We love feedback on our store, our events, our sales and service...Here's one we just received...
Thank you so much for Sunday's seminar at Windows on the Lake. It was my first time attending and I thoroughly enjoyed and hope to attend many more.
Thanks Marian...you made our day!
By Natalie Weinstien, ASID
Long Island building and rebuilding is on the rise. Homeowners are now, more than ever, inclined to purchase “fixer-uppers” for less money and undergo renovations, especially kitchens and baths, with the help of certified designers, architects, and contractors to improve the value of their investment and get exactly what they want. Homeowners are finding their style on the internet before shopping or seeking design advice. Homeowners have become more inclined to go “green” because green product costs have gone down.
Because there are so many more over “55 communities”, seniors are staying on Long Island and downsizing as well as buying smaller homes. Many are giving or “selling” their homes to children who couldn’t really afford to live here. (Now seniors are babysitting their young grandchildren so both parents can work to afford a better Long Island lifestyle.) Seniors are also renovating their homes to accommodate returning adult children (and their families) who are not able to purchase a home yet, allowing them to save for one.
As a new high end furniture consignment store owner, I see young people as well as older people buying good quality previously owned furniture, online and at the premises, to meet their budgets rather than buying new poorly made cheap furniture. But younger homeowners are not interested in keeping the “collectibles” of crystal, china, Lladros, etc. that their parents and grandparents amassed. The value of these items, therefore, has gone down and those who have become collectors are buying these items for a fraction of their original value.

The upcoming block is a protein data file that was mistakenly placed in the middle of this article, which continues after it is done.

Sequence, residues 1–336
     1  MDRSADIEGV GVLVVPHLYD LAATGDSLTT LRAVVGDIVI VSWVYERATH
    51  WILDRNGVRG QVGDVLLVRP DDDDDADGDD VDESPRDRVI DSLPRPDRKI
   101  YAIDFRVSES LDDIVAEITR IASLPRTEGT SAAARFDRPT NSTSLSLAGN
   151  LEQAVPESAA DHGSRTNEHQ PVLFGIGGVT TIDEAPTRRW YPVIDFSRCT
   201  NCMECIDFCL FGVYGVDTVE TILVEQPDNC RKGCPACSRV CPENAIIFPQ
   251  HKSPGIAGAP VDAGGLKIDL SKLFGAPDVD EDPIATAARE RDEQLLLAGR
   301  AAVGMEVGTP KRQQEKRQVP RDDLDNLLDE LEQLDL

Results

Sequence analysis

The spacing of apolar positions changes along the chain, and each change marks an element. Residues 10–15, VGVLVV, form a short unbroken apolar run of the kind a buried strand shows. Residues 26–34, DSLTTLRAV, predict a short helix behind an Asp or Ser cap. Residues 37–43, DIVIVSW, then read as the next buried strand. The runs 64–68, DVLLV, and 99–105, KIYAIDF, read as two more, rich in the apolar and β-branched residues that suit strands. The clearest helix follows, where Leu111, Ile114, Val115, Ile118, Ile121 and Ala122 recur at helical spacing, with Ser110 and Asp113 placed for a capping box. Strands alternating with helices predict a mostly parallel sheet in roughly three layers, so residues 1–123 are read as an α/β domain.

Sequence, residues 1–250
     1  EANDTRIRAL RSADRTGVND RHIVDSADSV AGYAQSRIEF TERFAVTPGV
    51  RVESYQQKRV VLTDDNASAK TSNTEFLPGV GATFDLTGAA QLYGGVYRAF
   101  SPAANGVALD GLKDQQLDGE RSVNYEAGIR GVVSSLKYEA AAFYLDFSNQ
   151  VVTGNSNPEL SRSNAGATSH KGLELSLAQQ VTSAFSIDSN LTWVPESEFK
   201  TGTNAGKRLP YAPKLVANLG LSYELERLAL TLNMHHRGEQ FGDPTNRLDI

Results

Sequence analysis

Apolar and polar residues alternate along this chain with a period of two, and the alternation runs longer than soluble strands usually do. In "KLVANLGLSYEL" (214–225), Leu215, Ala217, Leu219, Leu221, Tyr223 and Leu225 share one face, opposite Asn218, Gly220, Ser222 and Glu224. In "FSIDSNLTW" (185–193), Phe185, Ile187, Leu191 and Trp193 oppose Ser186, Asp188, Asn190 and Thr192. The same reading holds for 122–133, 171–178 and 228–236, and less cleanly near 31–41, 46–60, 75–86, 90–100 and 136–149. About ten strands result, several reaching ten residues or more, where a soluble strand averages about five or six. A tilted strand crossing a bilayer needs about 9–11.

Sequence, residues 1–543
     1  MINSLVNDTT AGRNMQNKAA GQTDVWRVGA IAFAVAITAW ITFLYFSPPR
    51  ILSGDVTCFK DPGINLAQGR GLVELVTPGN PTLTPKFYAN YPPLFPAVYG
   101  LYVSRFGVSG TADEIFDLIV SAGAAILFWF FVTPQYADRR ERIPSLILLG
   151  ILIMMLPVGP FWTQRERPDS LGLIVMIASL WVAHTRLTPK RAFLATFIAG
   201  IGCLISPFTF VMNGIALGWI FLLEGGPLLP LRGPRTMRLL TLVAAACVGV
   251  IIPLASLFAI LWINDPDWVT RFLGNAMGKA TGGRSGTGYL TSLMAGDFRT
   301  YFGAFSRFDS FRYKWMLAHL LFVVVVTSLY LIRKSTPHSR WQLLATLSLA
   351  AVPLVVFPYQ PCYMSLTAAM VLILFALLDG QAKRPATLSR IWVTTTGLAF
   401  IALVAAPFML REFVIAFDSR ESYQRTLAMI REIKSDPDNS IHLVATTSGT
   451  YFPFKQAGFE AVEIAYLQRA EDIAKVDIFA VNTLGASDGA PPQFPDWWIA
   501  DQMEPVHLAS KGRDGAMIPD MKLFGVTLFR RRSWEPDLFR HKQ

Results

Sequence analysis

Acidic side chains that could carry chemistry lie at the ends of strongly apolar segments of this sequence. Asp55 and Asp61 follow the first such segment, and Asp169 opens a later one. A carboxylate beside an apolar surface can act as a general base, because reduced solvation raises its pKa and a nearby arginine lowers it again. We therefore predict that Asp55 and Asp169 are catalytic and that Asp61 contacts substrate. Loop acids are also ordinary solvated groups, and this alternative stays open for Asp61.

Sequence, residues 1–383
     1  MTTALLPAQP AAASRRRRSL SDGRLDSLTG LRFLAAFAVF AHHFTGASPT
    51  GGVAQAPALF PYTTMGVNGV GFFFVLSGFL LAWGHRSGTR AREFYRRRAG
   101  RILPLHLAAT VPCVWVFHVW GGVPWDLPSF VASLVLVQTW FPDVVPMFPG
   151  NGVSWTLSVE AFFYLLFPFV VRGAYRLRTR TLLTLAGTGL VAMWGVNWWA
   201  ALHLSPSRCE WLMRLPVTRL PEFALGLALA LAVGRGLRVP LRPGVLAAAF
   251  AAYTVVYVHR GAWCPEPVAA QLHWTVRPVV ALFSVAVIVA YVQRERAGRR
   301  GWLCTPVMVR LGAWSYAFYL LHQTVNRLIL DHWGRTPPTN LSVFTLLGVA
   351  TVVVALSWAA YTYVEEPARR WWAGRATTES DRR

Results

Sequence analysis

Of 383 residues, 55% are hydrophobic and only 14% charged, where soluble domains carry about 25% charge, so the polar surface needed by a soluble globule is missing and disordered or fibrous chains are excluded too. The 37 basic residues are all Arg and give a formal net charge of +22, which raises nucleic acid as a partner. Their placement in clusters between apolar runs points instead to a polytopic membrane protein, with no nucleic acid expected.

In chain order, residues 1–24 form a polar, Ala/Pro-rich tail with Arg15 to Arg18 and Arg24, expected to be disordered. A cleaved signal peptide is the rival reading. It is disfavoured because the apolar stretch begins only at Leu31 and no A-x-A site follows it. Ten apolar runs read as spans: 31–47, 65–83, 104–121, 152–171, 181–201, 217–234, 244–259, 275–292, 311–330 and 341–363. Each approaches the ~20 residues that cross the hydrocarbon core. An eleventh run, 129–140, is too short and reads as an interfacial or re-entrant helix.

Unfortunately, there is a trend, today, towards “disposability” - the notion that nothing needs to last. “We buy cheap, have the kids wreck it, and then throw it out and get something else.” Some big box stores promote the savings, but there are no savings because there is no value. Instead it promotes a generation that doesn’t appreciate quality and its worth, and doesn’t care for or take pride in their homes. The role of the professionals in the design world, more than ever, should be to educate the public – to help them know the differences in what they are buying and opt for quality as well as value, understanding the true worth of their homes as a way to empower and nurture all who live there. The good news is – we’re making progress!
By Natalie Weinstein, Allied ASID
In all my years as a designer and speaker, January has represented the clean slate and the time to make and try not to break New Year’s resolutions. The top of the list for everyone, of course, is clean up the clutter and start a diet and exercise program. For me the first is easy, the second, not so. While each of us has his own demons, we are all best intentioned. Then things happen. Life gets in the way and we drop the ball.
So as we begin the anew, let’s explore the ways we can keep our new year’s resolutions and reach our goals.
Here’s a great way to get started at our FREE EVENTS!
NEW YEAR, NEW YOU
Sunday, January 10, 2016 11am - 1pm
Uniquely Natalie Quality Consignment
176 2nd Street St. James, NY 11780
Change your body, health, look & home!
Start the New Year with Natalie and you will not only get help in creating a better environment in your home - but a new and healthier "you" as well. Natalie's invited some of the best Long Island professionals to show you how to look and feel fit and healthy in the place you love best ~ "your home".
RENOVATE AND RENEW YOUR HOME BRUNCH
Sunday, January 31, 2016 10:00AM - 1:00PM
Windows on the Lake
235 Lake Shore Road
Lake Ronkonkoma, NY 11779
Join us for our annual gathering at Windows on the Lake. This year’s topic is sure to please. We will have many of our "go to" sources in the room to answer all your questions. Nothing is off the table!
However, what will be on the table is YUMMY! Windows on the Lake always provides us with a brunch spread like no other. So please join us, have your questions ready and your belly ready for some food!